One shot, one kill
Blizzard’s triple-release strategy for StarCraft II really paid off. While it seemed like a complete scam at first, the studio went all out and supported the game throughout its lifetime, and if we’re lucky, for the next decade or so.
Every expansion added something new and now, we have StarCraft II: Nova Covert Ops, a bite-sized DLC of sorts that takes place over multiple chapters.
StarCraft II: Nova Covert Ops – Mission Pack 1 (PC)
Developer: Blizzard Entertainment
Publisher: Blizzard Entertainment
MSRP: $7.49 (Per Episode) / $14.99 (Bundle)
Released: March 29, 2015
Covert Ops is accessed directly from main campaign menu, right next to the other expansions. It doesn’t require StarCraft II proper, and takes place over three DLCs, with three missions each. The first is out now. Got it? Good!
Chapter 1 sets up a proper gaiden involving the Zerg, who have unsuspectingly struck settlements after two years of peace. Of course, Nova is ready to step in and put a stop to it, with all her Ghost glory. Over time we get a bigger picture of the narrative, dealing with a power struggle over a city-state, with the Zerg as the catalyst behind the conflict. Since each mission clocks in at roughly 20 minutes each, there isn’t a whole lot of time for exposition here, but the StarCraft universe is rich enough to propel most players through with a sense that actual stakes are involved. I’m just not dying to know what happens next.
In case you’re thinking that this side-story approach might drastically alter the core RTS StarCraft gameplay — don’t. It takes places within the limitations of the StarCraft engine, albeit with all of the perks that Nova entails, like cloaking, melee abilities, sniping, pulse grenades, and even a jump suit to traverse raised terrain. As you can probably expect, two of the missions feature stealth elements, complete with enemy troops that sport vision cones. It’s a tad gamey (foes aren’t programmed to notice corpses, and the like), but I was surprised at how fast-paced it all was despite the fact that players are technically sneaking around. There’s also a few funny nods like a moving cardboard box in the typical Blizzard tongue-in-cheek style.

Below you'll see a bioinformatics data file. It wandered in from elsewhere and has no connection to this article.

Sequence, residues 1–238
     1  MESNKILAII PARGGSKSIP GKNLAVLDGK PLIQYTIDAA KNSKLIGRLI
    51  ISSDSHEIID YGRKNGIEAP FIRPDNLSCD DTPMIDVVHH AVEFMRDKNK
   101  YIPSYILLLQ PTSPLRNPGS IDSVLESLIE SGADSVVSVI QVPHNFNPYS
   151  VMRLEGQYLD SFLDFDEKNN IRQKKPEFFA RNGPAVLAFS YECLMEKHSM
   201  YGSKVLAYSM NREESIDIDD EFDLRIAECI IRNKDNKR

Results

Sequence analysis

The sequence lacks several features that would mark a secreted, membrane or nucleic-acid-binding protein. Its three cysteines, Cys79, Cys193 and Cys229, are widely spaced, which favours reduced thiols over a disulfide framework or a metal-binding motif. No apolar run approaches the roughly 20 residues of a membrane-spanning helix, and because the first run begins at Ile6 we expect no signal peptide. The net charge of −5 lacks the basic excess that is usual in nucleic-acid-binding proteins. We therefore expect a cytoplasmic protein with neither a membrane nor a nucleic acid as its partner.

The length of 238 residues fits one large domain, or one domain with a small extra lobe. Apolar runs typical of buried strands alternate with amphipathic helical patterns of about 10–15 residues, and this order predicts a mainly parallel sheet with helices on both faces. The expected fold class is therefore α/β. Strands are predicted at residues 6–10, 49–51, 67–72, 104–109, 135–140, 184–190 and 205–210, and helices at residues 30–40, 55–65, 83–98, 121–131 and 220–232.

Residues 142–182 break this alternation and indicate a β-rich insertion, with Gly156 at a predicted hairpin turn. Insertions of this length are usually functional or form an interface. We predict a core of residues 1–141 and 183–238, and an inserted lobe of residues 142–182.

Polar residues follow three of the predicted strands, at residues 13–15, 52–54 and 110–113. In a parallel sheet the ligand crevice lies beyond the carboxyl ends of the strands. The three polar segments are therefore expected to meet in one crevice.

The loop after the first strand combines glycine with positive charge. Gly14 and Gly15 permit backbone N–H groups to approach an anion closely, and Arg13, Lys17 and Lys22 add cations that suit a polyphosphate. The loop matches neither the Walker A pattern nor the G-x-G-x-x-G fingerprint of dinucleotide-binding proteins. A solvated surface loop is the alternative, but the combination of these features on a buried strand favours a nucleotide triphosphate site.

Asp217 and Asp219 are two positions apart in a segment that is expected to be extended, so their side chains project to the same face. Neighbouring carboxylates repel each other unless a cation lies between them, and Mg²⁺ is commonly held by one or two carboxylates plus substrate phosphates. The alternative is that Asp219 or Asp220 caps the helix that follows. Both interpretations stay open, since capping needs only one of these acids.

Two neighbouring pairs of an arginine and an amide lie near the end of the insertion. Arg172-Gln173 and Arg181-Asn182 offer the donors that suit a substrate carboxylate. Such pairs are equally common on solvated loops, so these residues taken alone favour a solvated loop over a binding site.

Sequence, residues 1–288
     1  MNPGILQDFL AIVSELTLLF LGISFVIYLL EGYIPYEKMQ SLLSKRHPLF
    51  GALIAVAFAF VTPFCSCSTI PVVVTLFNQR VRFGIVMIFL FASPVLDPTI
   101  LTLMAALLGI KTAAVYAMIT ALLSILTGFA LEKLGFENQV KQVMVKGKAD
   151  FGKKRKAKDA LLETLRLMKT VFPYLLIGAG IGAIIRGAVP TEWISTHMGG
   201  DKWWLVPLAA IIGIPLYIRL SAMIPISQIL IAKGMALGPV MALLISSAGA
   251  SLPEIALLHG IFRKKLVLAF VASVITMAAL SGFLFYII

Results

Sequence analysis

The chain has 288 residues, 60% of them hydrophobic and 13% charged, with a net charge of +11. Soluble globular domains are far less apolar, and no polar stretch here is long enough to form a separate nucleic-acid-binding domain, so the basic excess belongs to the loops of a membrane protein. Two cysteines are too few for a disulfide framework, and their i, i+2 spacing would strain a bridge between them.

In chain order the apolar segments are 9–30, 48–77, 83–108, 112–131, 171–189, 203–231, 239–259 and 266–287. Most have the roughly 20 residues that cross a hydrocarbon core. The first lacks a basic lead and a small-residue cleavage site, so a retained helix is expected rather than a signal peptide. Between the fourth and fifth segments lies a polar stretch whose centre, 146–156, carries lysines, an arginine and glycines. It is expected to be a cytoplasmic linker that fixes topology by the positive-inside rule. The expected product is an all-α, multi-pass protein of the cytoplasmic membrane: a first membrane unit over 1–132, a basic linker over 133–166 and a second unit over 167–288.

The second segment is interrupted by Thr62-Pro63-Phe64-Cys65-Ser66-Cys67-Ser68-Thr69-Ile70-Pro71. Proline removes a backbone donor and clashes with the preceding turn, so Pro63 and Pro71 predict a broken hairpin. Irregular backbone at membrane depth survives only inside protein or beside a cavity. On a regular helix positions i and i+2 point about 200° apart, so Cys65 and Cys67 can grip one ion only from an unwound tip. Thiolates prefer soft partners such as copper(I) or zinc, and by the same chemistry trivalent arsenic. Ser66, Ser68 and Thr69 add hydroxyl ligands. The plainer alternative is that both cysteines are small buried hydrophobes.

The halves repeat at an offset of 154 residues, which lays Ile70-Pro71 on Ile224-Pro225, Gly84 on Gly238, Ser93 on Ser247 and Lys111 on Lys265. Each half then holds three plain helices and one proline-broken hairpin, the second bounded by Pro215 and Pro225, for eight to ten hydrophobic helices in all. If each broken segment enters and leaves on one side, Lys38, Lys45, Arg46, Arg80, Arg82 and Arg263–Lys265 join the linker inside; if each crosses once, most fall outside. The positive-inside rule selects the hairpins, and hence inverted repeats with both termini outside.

While it can feel by-the-numbers, it all feels organic, even the intro section. Covert Ops stretches the engine, having players at times stop on a dime and avoid hazards like rotating flame turrets. There’s even a brief on-rails vehicle romp with a boss fight and light dodging elements! The latter two missions also waltz into your more traditional RTS portions where Nova is playing a part of a bigger battle, and SCVs and base management can be controlled.
I would have liked to have seen more stealth scenarios but there are two more chapters left. After all, hardly any micromanaging suits me just fine, as Covert Ops is supposed to be different. The “Master Archives” mode, unlocked after completion, is also a great way to replay levels on different difficulty modes and go for different objectives with new equipment.
StarCraft II: Nova Covert Ops doesn’t deliver much that you haven’t seen before, but it does it in an engaging way that sufficiently supplements the universe. If you aren’t big on the massive time investment that a typical StarCraft campaign warrants, this is a nice little alternative.
[This review is based on a retail version of the game provided by the publisher.]